4. Fitting for the task at hand. Every company is different.  All around athletes are fine, but usually, great founders tend to be tuned well to the task at hand.  This doesn’t necessarily mean domain experience.  It does mean a strong overlap between the skills and attributes of the founder with the short-medium term needs of the company she is trying to build. It doesn’t do much to have a strong, technical founder at the helm of a company where technology is not a differentiator.  It also doesn’t help to have an experienced, Fortune 500 exec at the helm of a company that is all about building a great consumer-social product experience.  Many founders have multiple strong attributes, but great founders are great in the context of the task at hand.

Rob Go

Thanks for reading! Here’s a quick background on who I am:
1. My name is Rob, I live in Lexington, MA
2. I’m married and have two young daughters. My wife and I met in college at Duke University – Go Blue Devils!
3. We really love our church in Arlington, MA. It’s called Highrock and it’s a wonderful and vibrant community.  Email me if you want to visit!
4. I grew up in the Philippines (ages 0-9) and Hong Kong (ages 9-17).
5. I am a cofounder of NextView Ventures, a seed stage investment firm focused on internet enabled innovation. I try to spend as much time as possible working with entrepreneurs and investing in businesses that are trying to solve important problems for everyday people.  
6. The best way to reach me is by email: rob at nextviewventures dot com

    • Nicely stated. For those start-ups with several founders… what does an awesome founding team mean for you? Or do you mainly analyze the visionary / public speaker founder?

      Regarding teams as a whole, I remember one of @hunterwalk’s posts where he was explaining what he looks for in an awesome team:
      + ability to accomplish a technical achievement which serves as differentiation
      + key insight into product/business strategy and ability to execute
      + unfair advantage: access to distribution channel, talent or other key asset
      + sheer force of will
      I believe both ideas complement very well, execution and vision.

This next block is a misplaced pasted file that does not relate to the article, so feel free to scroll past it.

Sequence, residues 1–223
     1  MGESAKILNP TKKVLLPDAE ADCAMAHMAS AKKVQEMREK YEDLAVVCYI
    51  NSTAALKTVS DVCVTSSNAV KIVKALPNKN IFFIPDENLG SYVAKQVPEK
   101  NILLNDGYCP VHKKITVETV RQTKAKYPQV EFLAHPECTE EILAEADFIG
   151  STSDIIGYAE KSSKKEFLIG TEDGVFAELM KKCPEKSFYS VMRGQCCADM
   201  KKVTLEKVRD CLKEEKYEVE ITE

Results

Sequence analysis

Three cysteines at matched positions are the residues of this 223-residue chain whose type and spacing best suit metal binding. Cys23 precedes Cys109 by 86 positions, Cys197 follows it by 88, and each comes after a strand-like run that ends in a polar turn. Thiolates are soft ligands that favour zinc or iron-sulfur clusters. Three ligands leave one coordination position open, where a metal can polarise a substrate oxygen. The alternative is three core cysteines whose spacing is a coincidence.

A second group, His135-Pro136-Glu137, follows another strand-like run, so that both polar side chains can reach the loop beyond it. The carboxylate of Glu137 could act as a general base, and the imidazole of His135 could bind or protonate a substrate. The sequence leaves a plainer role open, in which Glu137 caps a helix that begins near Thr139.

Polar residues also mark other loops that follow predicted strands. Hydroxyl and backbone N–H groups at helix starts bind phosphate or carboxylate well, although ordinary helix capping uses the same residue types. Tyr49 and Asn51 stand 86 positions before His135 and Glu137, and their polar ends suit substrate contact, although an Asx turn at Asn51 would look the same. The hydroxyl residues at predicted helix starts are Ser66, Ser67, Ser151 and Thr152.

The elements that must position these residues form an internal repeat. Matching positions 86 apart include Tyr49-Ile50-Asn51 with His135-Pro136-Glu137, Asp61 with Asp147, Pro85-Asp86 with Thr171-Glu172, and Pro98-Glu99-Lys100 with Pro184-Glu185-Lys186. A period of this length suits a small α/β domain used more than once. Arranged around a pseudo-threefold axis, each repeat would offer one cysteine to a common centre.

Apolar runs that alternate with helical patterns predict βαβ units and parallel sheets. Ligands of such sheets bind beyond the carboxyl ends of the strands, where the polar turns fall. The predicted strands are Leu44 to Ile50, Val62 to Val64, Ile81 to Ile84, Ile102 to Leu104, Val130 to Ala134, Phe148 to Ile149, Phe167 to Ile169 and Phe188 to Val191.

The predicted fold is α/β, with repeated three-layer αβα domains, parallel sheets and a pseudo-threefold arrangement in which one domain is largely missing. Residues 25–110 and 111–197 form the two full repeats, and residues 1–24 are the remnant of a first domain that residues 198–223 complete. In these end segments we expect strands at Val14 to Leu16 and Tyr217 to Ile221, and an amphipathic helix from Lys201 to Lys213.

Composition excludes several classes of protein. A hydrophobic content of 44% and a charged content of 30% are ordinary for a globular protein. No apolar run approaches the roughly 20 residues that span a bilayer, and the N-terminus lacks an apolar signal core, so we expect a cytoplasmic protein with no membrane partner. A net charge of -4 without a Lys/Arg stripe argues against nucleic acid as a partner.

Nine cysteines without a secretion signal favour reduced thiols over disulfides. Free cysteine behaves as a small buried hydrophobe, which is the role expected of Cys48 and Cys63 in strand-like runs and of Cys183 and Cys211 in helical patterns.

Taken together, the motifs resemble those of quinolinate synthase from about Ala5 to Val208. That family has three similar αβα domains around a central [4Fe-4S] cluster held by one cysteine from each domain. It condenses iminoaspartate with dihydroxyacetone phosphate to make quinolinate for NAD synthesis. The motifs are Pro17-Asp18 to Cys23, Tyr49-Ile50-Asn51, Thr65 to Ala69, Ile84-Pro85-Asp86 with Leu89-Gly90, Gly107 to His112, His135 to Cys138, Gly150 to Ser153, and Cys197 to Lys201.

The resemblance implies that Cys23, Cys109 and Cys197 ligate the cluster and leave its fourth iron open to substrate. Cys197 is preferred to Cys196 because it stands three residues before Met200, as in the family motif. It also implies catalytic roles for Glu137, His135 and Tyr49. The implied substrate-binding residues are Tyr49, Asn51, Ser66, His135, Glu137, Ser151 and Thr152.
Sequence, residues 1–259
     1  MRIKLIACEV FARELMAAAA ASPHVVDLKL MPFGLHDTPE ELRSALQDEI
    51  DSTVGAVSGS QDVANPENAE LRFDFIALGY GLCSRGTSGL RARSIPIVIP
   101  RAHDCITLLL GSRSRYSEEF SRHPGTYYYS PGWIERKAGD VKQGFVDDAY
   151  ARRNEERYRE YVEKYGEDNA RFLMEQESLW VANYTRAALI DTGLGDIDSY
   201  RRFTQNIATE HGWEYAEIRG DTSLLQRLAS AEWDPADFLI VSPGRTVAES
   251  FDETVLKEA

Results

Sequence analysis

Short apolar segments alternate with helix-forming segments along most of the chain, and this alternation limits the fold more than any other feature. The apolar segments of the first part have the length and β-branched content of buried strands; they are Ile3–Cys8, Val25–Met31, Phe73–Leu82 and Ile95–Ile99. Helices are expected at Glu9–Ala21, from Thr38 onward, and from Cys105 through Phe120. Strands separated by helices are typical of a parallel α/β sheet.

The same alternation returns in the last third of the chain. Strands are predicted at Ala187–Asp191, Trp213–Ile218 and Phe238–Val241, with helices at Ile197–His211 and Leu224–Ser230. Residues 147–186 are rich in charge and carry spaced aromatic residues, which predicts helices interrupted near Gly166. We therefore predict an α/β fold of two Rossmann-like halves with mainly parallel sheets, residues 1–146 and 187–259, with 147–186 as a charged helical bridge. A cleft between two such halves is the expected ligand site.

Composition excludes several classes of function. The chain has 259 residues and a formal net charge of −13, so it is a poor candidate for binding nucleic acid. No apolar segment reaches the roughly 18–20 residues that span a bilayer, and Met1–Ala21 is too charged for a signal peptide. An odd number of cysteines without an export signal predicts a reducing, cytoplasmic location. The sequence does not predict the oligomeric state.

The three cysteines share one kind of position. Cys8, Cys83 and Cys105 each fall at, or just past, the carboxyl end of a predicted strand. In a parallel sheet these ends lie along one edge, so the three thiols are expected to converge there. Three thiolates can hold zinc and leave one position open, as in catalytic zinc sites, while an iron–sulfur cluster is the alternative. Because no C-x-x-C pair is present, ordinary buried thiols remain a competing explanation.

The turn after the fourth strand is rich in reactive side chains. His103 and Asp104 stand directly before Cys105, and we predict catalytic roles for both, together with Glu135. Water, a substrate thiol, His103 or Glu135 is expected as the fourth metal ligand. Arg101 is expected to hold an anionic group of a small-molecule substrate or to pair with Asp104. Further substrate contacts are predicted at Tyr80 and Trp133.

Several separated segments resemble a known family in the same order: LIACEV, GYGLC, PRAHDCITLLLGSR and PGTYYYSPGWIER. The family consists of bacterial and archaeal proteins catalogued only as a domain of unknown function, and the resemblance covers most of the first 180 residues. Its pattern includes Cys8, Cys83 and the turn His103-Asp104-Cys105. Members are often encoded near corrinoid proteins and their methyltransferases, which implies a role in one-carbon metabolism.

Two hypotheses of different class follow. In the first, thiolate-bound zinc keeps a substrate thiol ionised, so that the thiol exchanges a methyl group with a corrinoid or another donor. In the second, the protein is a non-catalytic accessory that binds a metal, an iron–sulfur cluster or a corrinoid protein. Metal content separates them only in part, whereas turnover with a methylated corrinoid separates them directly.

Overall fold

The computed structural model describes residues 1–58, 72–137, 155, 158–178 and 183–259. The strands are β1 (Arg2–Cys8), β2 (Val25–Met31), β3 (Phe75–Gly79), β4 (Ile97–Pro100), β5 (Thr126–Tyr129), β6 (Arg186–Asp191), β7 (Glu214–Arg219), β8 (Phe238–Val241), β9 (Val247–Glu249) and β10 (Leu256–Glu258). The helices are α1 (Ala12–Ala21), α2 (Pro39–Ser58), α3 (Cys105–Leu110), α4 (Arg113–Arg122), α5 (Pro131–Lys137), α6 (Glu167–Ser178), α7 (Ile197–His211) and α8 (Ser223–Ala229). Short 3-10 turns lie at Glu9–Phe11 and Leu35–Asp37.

• robchogo

        Those are good points. For my list, I do think that all ought to describe a founding team, but VC’s tend to weight the CEO more heavily. I find that any founding executive has to be convincing for example, if they are going to help to hire amazing talent.

    • Re: point 3. Are you usually talking about being superlative at a functional area? Like marketing, biz dev, design, or hacking? Being the “best” consultant at Bain sort of seems like a catch all type thing. He was probably personable, great work ethic, great brain power/analytical skills, which is why you were told he was “the best.” Just trying to clarify the point.

      • robchogo

        Not every founder has that much experience, but I think that some sort of superlative feedback is pretty meaningful. Considering that a large office at Bain hires 20-40 associates each year, being “the best” over someone’s 5+ year career puts you at #1 out of ~150 really smart, talented people. It doesn’t say that much about one’s functional excellence, as you point out, but does tell you something about the person’s overall capabilities relative to their peer set.

        In many other cases, the superlative feedback is much more fuctional, and totally makes sense if that function is something that is critical to the company. But I like using the example of Stu because it shows that one can be superlative even without direct domain experience.

        • Makes perfect sense. Thanks for the clarification.